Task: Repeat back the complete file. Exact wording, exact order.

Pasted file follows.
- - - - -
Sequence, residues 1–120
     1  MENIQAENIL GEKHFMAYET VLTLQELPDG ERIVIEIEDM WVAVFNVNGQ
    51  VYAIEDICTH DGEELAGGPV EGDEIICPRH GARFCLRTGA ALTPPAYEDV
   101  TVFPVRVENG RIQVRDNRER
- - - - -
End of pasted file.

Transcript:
Sequence, residues 1–120
     1  MENIQAENIL GEKHFMAYET VLTLQELPDG ERIVIEIEDM WVAVFNVNGQ
    51  VYAIEDICTH DGEELAGGPV EGDEIICPRH GARFCLRTGA ALTPPAYEDV
   101  TVFPVRVENG RIQVRDNRER